Part glued into place

Trimming the keychest

Thursday, October 28th, 2010

I put in the wheel for the first time since gluing on the back. I needed to check the fore-aft keychest measurement, because I thought I had the side pieces slightly too long, so that they extended past where the sides of the body attached to the head block.

The instructions say the center of the 7th key has to be exactly 6 15/16″ from the bridge. And the bridge has to be about 7/16″ from the wheel. So, checking all that with the pieces in place, I found that the sides were in fact too long by 1/8″ to 3/16″.


Chopstick serving as 7th key to measure proper spacing from the bridge

In the process, though, I discovered something else a little more bothersome — I had the whole keychest way too high. When putting a straightedge on the angle of the wheel, it rested right on the keyshafts! [At least it appeared I had cut the bottom of the sides at the right angle.] The best I could tell, the sides and end pieces needed to be cut down on the bottom by about 7/32″ to have the chanter strings the right distance above the keys. That’s almost a quarter of an inch. How’d I get so far off?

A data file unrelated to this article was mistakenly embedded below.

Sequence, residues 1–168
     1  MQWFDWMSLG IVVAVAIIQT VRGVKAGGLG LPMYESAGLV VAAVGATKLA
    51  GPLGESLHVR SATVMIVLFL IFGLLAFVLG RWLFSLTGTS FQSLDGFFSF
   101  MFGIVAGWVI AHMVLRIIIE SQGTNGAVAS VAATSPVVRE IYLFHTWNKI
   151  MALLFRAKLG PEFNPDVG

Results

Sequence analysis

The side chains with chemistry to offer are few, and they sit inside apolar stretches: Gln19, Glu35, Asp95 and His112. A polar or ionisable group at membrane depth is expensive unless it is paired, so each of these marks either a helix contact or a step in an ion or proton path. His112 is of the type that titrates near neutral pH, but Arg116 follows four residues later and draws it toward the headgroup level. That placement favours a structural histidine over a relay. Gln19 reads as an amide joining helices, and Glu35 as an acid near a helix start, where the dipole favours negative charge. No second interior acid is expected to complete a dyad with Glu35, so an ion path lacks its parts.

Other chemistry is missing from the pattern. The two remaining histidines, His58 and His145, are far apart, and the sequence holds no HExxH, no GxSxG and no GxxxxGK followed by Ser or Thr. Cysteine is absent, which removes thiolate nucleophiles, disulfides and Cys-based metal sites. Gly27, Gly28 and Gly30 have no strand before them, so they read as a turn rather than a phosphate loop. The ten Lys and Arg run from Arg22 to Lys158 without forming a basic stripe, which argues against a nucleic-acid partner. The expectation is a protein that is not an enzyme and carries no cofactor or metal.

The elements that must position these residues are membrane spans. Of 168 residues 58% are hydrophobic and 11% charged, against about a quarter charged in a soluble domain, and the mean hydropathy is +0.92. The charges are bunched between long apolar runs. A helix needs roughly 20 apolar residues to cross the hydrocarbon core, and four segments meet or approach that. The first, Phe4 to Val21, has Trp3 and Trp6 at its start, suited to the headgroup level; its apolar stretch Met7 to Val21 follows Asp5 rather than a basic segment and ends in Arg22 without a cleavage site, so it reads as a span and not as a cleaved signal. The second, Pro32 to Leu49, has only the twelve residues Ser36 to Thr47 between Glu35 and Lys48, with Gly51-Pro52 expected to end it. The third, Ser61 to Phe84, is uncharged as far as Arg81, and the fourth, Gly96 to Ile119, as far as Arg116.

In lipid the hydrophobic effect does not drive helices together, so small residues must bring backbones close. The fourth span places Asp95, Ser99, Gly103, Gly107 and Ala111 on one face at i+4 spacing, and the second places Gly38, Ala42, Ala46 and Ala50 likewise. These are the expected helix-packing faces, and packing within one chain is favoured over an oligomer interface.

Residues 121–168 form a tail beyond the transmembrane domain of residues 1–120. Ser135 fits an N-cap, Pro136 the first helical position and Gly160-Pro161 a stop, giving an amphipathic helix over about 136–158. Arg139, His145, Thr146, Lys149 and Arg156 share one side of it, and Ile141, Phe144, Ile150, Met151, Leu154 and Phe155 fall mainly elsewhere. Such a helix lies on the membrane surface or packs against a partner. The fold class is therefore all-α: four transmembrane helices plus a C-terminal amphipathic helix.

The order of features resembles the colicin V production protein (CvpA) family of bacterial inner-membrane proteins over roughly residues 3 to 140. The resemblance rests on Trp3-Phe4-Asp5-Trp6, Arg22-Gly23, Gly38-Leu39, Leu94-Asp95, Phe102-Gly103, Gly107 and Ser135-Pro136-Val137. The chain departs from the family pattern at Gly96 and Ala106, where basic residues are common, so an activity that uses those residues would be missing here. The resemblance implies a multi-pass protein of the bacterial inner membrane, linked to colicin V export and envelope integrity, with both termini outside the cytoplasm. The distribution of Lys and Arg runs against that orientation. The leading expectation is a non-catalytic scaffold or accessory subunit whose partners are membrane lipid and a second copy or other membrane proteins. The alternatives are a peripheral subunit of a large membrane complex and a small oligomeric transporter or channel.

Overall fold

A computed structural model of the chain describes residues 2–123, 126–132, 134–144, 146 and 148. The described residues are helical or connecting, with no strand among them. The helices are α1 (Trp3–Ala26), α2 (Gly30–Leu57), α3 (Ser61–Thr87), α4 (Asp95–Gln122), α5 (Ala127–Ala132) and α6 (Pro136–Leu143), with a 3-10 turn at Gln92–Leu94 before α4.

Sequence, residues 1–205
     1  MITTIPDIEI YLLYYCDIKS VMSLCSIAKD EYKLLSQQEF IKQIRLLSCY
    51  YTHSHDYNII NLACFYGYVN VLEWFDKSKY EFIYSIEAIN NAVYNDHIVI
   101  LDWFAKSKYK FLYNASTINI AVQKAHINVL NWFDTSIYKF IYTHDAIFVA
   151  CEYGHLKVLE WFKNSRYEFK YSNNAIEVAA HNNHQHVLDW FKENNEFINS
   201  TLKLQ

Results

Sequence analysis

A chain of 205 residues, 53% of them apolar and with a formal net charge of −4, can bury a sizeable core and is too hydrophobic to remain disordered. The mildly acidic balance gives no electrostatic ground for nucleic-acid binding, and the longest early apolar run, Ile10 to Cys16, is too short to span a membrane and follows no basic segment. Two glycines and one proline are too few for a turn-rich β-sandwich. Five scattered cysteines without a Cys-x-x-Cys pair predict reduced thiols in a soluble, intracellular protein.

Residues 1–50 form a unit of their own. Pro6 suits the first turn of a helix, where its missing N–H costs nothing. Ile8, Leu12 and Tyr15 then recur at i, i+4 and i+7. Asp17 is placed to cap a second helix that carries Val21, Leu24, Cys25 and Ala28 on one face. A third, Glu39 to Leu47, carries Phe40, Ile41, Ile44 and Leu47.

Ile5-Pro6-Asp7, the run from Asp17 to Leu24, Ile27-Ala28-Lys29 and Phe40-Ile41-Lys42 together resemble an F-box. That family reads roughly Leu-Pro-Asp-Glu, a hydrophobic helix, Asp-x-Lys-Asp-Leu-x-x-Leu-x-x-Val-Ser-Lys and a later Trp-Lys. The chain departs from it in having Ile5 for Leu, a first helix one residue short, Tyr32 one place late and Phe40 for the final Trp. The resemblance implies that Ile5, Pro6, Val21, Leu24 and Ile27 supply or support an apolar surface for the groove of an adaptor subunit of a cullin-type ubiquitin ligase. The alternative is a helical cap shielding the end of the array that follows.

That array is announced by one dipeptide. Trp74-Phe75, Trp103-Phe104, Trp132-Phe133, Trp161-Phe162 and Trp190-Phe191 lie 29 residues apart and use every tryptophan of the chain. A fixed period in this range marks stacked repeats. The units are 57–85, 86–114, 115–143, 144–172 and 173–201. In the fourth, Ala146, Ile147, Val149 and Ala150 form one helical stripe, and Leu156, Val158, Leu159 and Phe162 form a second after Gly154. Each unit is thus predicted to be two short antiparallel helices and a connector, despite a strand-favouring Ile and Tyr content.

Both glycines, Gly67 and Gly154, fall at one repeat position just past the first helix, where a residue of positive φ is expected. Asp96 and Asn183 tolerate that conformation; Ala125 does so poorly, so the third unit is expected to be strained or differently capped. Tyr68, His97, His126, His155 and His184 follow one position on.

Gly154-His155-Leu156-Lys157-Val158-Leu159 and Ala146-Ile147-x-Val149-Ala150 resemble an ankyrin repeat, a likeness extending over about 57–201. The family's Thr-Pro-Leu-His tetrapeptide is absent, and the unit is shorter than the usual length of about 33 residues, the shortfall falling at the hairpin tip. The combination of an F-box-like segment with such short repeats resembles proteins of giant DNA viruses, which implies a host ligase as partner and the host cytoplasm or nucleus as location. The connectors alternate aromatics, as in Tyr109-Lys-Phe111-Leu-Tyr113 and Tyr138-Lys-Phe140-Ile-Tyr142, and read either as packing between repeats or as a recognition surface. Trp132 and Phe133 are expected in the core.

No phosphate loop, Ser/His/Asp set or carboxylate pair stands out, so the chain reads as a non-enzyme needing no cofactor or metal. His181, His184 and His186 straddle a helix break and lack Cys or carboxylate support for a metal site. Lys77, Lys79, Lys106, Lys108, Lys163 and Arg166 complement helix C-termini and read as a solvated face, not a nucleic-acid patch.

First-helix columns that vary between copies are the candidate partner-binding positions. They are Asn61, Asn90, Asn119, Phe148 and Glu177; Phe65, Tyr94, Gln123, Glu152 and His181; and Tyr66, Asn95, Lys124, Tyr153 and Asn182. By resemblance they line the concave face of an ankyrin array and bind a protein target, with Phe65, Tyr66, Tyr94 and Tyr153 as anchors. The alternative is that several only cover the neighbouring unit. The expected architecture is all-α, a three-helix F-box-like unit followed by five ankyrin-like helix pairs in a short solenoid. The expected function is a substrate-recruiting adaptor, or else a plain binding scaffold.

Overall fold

1. When cutting the bottom edges of the keychest side pieces, I had overcompensated for the curvature of the soundboard. There is hardly any curvature at all to deal with 1 1/2″ either side of the centerline, even though I had doubled the curve amount from that specified. I knew I had to sand the keychest bottom to fit the soundboard curvature, but  I had about 1/8″ extra there — too much to sand.
  2. The wheel seems to sit lower in the body than on the plans. This is not a problem with the plans, but is related to some adjusting I did when making the braces in the body. I had added some 1/8″ thick wood to the tops of the large braces before rounding them. The reason I gave April 15th for this was…

You can see an 1/8″ thick strip of wood has been glued on top of the brace. The short brace is 4″ high, but the two larger braces were 1/8″ shorter. This modification to the larger ones makes all three 4″ high, which is the height of the body. This also makes the threaded hole for the bearing closer to the same height of the shaft hole in the end of the body. I could have sanded down more from the sides of the body and the top of the short brace, but decided to try this.